Wednesday, May 18, 2005

Impotent Treasury Department + Economic Policy as Political Football = Another Attack on China's Exchange Rate Policies

From the LA Times:

In unusually harsh language, the Treasury Department, in a report to Congress, described China's 10-year-old exchange rate regime as "highly distortionary" and said it posed a threat to the global economy. Unless Beijing moves to a more flexible exchange rate system quickly, the report said, China is "likely" to be cited for currency manipulation, which would open the door for sanctions.

After all that snarling comes the rather contradictory call for China to continue manipulating its currency a baby bit more--but to our benefit.

Snow said the U.S. wasn't calling for an "immediate full float" because "China's banking sector is not prepared. What we are calling for is an intermediate step that … allows for a smooth transition — when appropriate — to a full float."

Not surprising, politics and not economics are at the bottom of this.

We shouldn't ignore the fact that Karl Rove has apparently taken over direction of domestic policy and sees all events--including relations with China--through his uniquely Machiavellian, short-term political prism. Under Rove's influence, I expect that the deference to the pro-China qualms and moderation of "Poppy Bush" that President Bush displayed during his first term may be at an end.

Paul Blustein of the Washington Post captured the underlying political dynamic nicely on May 11:

... the momentum in Washington is clearly in favor of turning the screws on Beijing over the currency issue. The administration's change in tactics is especially striking.


Asked what has prompted the recent hardening in their position, senior administration officials observe that circumstances have changed. For one thing, China's overall trade in goods and services was in deficit in the first quarter of last year, but the nation finished up the year with a trade surplus of $32 billion, and in the first quarter of this year its surplus was about $16.6 billion.

Moreover -- though administration officials are loath to discuss it publicly -- Bush's chief trade initiative this year, the Central American Free Trade Agreement, is in trouble on Capitol Hill, and by proving its mettle on China the White House stands a better chance of attracting pro-CAFTA votes from reluctant Republican lawmakers.

The markets responded positively to the move, not because they think a genuine reform of China's foreign exchange regime is in the offing--which might bring about the collapse of the Chinese economy, end the PRC's ability to fund our deficit, crater the West's financial markets, and perhaps bring an end to civilization as we know it--but because they believe that the Chinese will be forced over the next few months to make a political response to White House pressure and tweak the exchange rate in a limited, non-disruptive way as a purely political concession, and that will lead to an increase in exports and profits for some companies, and thereby goose the stock market.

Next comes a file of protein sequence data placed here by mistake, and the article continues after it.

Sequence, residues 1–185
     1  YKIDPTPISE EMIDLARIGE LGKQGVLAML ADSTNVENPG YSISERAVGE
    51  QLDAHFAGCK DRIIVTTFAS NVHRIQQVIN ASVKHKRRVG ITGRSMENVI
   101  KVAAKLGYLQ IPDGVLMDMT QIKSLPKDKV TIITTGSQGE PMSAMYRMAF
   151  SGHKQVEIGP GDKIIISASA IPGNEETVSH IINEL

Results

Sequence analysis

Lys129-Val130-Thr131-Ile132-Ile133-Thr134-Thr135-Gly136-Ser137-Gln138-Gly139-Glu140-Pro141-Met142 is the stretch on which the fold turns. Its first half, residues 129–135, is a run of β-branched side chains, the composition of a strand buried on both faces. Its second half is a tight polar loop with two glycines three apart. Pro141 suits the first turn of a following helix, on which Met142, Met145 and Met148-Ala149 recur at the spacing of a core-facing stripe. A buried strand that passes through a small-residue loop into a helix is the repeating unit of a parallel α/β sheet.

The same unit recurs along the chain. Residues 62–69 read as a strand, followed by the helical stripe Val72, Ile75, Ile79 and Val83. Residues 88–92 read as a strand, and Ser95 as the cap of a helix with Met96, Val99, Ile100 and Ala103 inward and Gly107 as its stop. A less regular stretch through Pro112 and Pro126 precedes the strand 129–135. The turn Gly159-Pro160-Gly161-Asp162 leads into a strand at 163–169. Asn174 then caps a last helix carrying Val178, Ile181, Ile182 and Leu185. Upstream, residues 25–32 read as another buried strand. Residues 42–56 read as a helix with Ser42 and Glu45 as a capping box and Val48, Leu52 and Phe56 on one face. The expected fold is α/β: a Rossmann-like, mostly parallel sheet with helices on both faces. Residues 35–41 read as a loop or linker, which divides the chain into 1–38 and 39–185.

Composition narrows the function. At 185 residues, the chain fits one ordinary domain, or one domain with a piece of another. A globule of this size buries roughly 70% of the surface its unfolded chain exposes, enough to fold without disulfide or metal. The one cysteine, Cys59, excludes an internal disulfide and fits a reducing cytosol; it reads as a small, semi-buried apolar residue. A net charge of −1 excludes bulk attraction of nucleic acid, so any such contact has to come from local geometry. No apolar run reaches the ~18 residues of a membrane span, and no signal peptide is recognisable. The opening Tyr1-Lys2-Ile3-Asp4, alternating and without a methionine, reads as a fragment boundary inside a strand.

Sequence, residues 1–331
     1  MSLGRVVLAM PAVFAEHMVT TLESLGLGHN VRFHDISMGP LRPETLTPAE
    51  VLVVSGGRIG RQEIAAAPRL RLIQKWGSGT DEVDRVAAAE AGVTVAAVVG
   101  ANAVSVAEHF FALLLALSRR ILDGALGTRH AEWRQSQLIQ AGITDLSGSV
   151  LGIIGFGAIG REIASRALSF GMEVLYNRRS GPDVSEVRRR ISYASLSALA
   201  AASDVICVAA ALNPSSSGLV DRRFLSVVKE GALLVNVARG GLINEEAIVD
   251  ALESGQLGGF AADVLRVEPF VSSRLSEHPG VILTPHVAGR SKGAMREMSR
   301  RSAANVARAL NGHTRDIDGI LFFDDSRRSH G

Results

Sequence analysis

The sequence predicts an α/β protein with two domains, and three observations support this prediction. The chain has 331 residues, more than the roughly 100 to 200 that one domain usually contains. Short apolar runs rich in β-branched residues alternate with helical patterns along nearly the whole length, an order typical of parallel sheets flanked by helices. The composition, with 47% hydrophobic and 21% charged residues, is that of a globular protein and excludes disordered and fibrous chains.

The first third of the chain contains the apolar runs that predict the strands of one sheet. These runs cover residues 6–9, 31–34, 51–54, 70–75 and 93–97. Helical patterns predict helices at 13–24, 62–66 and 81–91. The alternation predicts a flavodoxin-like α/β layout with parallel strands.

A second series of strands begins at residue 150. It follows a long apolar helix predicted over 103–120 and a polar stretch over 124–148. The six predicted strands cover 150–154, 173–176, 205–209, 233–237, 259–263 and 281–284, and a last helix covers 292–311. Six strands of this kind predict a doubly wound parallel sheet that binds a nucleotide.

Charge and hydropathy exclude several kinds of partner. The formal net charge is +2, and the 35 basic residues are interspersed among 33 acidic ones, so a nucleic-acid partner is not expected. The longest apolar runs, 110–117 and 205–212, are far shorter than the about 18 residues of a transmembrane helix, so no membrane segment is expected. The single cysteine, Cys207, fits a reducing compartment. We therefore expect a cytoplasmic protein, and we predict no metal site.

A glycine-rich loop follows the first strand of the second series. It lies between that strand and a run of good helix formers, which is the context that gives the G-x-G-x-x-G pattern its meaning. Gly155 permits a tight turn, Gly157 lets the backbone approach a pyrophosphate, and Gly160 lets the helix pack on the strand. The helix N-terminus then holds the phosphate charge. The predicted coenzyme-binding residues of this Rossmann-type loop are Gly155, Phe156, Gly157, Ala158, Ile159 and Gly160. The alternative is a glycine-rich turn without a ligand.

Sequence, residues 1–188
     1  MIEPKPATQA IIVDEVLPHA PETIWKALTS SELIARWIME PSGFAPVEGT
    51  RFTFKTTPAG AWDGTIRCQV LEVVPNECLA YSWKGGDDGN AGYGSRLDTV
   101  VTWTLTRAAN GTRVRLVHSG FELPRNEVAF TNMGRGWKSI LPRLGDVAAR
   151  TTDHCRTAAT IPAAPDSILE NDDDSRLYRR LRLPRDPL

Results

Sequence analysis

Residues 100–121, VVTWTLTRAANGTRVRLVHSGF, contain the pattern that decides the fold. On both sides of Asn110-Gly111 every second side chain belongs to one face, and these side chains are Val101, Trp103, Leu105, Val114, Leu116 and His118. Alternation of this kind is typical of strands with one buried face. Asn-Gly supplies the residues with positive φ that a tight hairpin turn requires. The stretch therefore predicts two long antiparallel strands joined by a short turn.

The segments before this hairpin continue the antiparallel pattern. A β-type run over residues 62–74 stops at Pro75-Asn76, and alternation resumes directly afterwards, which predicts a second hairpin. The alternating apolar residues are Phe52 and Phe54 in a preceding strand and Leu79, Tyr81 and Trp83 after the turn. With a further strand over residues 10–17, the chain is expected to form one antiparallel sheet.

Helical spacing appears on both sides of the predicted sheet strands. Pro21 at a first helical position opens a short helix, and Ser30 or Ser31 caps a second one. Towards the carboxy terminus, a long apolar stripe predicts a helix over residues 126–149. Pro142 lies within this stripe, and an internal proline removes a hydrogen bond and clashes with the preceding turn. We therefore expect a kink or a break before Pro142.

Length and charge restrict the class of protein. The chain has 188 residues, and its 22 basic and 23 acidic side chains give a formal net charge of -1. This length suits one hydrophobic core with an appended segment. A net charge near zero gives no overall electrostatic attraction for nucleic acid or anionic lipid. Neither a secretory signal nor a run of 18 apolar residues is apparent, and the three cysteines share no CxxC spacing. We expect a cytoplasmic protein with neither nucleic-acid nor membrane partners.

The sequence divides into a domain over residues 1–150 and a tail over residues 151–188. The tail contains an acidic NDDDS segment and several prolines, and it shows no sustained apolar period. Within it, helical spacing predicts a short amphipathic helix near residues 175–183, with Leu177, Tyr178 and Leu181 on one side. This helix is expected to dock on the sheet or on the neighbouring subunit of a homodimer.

It doesn't look like using an RMB revaluation as part of a serious attempt to reduce America's yawning current and capital account imbalances with the rest of the world is anywhere near the table.

That means a serious discussion on China's exchange-rate regime--and a terrifying foray into the mind-melting realm of macro-economics--can be postponed once more. Phew!

Nevertheless, I think it's worth exploring Morris Goldstein's views. Mr. Goldstein is a well-respected economist at the Institute of International Economics.

Mr. Goldstein has been proselytizing for the last year or so for a staged, managed Chinese revaluation of the RMB, designed to correct an undervaluation he pegs at perhaps 15% to 20%.

Therefore, he has been dragooned, I suspect unwillingly, into the role of providing academic credibility for the White House's whack-a-mole approach of using an economic club to try to resolve what it sees as transient political nuisances--in this case, the political heat Mr. Bush is attracting from the large trade deficit with China.

Mr. Goldstein and other economists apparently agree that a Chinese revaluation by itself would have minimal impact on America's trade deficit.

If I understand Mr. Goldstein's views correctly, the only way that the political and diplomatic costs of confronting China on its exchange rate policies can be justified as an economic imperative is if a Chinese revaluation triggers a revaluation by the whole host of Asian exporters--Japan, Taiwan, Singapore, and Taiwan that takes a $70 to $80 billion bite out of America's trade deficit.

He believes China and the other Asian exporters should and would nobly shoulder this onerous, unprofitable, and unpleasant burden because they know the alternative is a catastrophic hard landing for the United States and the world economy.

But, since the United States apparently feels that there's nothing better to do than play politics with this issue and demonize the Chinese in order to score domestic political points, I think his hopes for display of a trans-Pacific display of spirit of consensus and sacrifice--or even an exhibition of enlightened self-interest by the U.S. government-- are perhaps misplaced.

The current U.S. policy reminds me of the joke where a cuckolded husband surprises his wife in bed with her lover. The husband pulls out a gun, points it at his own head, and snarls "Don't laugh. You're next!"


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